I would like to speak briefly about the other two areas of cooperation. My government¡¦s foreign policy is premised on the assumption that quality foreign relationships have to be multi-dimensional, and that New Zealand should project itself in the world in a rounded way.
Because of its geographical isolation, New Zealand looks actively beyond its shores. We have our own ideas, goals and interests that we are prepared to back. Chile has the same approach.
There is a lot in common between New World countries like Chile and New Zealand when it comes to debating the Law of the Sea, marine conservation, Antarctica and disarmament. There are many examples of our cooperation in these areas:
„h We have been grateful for Chile¡¦s
support for our proposal for a South Pacific Whale
Sanctuary, and we are sympathetic to Chile¡¦s concerns about
the problems of managing international fishing in the high
„h Chile has supported the work of New Zealand and other New Agenda countries in disarmament at the United Nations by co-sponsoring our resolutions, and we share similar concern about the transport of nuclear material.
„h As gateway countries to Antarctica we also share a common concern to maintain that white continent as an unspoilt place of scientific research and international cooperation.
„h As southern hemisphere temperate countries in the Valdivia Group, we share interests across the international environmental agenda.
„h We keep in close contact on international human rights issues, where Chile¡¦s voice as a democracy carries great moral authority. The advancement of the rights of indigenous peoples is an important issue for both of us.
We are very keen to build up people-to-people links. Our aim is to increase understanding and awareness of each other, and to break down the perception that we are far away from each other.
Already we are seeing increased interest in both countries in building links in science, the arts, culture, academia and education. Our universities have a range of links for academic exchange and collaborative research, and New Zealand government scholarships provide opportunities for postgraduate Chilean students in New Zealand.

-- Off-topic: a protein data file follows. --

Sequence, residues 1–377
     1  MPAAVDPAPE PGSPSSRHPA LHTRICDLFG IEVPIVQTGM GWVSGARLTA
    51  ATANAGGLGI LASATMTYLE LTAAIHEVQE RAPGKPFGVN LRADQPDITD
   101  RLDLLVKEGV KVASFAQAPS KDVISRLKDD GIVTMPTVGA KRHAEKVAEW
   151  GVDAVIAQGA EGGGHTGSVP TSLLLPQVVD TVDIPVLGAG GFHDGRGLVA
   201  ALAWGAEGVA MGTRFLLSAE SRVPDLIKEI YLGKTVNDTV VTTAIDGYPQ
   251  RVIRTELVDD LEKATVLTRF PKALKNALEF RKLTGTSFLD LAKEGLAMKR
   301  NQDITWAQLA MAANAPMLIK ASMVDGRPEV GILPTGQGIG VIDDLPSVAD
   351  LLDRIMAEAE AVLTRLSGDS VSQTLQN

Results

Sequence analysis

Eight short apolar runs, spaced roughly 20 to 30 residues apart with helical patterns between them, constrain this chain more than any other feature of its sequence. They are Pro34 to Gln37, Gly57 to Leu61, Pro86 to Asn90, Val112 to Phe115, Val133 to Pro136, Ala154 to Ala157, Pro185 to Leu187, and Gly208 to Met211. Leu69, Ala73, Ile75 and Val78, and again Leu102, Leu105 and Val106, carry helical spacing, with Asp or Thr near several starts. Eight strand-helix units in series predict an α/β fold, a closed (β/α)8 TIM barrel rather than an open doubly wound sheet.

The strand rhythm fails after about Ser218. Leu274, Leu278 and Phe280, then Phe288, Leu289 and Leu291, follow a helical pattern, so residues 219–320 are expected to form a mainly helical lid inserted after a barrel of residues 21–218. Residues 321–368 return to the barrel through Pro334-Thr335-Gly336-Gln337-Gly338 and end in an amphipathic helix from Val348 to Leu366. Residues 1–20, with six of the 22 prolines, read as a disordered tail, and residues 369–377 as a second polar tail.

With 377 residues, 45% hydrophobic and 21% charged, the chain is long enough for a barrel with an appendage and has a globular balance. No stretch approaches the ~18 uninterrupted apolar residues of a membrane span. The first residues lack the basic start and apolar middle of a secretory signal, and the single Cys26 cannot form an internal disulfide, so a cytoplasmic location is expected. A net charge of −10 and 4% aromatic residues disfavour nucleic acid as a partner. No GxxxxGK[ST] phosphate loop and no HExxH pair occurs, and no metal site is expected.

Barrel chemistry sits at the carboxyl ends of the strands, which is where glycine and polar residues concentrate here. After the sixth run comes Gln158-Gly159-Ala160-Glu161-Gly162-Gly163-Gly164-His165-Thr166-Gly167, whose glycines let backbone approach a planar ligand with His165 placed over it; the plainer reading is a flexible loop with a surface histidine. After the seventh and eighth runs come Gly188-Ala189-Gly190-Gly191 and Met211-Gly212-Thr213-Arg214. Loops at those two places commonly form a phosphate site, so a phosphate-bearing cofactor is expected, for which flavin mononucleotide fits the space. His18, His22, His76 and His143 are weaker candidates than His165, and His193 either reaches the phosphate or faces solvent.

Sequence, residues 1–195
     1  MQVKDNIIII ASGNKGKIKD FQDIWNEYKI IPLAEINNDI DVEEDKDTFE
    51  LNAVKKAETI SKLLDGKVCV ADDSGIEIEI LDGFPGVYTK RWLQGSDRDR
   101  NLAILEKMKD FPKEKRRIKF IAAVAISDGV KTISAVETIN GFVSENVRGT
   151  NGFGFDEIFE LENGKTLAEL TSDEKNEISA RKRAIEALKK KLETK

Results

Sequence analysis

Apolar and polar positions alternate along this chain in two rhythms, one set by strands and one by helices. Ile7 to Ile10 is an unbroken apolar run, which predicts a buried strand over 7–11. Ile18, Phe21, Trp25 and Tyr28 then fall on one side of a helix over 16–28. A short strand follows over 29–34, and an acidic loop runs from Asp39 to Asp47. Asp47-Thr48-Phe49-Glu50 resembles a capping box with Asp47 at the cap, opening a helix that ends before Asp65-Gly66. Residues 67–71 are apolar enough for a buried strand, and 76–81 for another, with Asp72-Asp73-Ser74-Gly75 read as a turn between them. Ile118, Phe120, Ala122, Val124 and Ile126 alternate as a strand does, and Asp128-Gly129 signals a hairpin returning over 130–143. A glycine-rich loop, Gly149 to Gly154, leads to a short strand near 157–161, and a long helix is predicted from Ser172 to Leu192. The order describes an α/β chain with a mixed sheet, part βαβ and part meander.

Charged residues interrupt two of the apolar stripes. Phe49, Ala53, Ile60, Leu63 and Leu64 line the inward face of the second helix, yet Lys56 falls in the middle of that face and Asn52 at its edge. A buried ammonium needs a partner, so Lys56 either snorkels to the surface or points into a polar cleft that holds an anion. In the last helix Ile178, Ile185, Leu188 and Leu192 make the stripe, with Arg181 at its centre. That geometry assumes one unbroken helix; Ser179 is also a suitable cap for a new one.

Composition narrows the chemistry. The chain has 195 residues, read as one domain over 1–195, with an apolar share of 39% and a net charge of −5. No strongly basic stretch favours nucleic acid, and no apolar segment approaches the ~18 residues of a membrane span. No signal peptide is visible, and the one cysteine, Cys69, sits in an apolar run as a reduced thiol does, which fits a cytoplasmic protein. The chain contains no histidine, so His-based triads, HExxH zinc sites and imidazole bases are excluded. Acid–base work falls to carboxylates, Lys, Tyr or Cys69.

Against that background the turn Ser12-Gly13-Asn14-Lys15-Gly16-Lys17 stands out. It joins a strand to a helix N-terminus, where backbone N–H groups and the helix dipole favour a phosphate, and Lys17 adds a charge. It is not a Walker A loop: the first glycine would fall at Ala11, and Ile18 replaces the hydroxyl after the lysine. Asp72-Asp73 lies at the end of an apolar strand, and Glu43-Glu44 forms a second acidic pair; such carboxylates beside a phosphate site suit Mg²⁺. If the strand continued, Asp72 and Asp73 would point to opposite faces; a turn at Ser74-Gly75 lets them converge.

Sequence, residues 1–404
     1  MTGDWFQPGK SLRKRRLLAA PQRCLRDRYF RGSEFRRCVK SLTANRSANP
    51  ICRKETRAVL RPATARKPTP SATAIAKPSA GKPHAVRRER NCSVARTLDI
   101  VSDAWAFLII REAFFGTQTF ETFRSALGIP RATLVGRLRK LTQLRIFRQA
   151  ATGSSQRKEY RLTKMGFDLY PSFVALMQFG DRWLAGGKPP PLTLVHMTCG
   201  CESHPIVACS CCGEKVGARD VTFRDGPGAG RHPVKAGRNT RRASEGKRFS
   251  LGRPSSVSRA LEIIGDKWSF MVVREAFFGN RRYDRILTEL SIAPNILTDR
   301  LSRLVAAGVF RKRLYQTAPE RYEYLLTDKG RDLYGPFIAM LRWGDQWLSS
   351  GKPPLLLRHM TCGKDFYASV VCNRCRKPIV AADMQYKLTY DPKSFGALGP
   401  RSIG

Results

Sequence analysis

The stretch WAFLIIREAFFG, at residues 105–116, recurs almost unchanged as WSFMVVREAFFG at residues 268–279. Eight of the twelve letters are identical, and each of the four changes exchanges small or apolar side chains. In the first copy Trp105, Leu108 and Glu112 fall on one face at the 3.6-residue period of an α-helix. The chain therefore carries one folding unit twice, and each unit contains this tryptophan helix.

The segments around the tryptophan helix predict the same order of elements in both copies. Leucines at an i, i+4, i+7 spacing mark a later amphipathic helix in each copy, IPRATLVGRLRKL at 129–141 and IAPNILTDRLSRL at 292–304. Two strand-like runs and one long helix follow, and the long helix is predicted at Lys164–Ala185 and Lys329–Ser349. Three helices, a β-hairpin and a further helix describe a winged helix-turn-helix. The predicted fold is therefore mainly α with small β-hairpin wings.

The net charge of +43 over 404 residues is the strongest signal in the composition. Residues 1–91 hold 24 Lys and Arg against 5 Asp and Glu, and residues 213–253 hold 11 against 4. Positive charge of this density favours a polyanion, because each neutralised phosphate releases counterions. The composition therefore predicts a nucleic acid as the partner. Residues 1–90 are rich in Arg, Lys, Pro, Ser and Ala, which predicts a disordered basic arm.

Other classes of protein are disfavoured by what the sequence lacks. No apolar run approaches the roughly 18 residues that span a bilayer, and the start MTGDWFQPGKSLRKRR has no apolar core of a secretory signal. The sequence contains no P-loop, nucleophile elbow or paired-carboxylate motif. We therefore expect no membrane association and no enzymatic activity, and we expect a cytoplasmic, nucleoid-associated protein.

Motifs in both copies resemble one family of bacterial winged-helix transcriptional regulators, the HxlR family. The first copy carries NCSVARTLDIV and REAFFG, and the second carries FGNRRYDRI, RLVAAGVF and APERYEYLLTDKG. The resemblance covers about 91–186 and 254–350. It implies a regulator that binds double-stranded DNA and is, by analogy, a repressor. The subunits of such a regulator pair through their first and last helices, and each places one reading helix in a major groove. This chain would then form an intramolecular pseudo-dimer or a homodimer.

On our side, Spanish is the fastest growing foreign language taught in New Zealand schools and universities. This year Otago University started a Spanish language programme with a Chilean teacher, joining other universities like Auckland and Victoria that already offer Spanish. Language is a key to appreciating the culture of others, and I believe that we will see many more New Zealanders visiting Chile and the rest of Latin America as their confidence in the language increases.
To expand contacts between our young people, Foreign Minister Alvear and I hope to later this week sign an agreement for a Working Holiday Scheme. This agreement will enable the young people of New Zealand and Chile to travel and work in each other¡¦s country. Chile will be the first country in Latin America with whom we have this agreement.
The title of my speech is about Chile and New Zealand as New World partners, so it is perhaps ironic that I finish with a story going back to the 19th century.
The story features your much-loved late cartoonist ¡§Lukas¡¨, who I understand was also an expert on Valparaiso. He was visiting the home of a New Zealand resident in Chile, and noticed a framed colour print on the wall. Lukas said, ¡§You know I thought I had seen every painting and picture that exists of old Valparaiso, but that¡¦s one I¡¦ve never seen. Who did it and where you get it.¡¨ He was astonished to learn that it showed, not Valparaiso but the dockside area of Wellington in the 19th century.
Chile and New Zealand have much in common, and I look forward to working closely with Chile to advance our common cause as New World partners in this new millennium.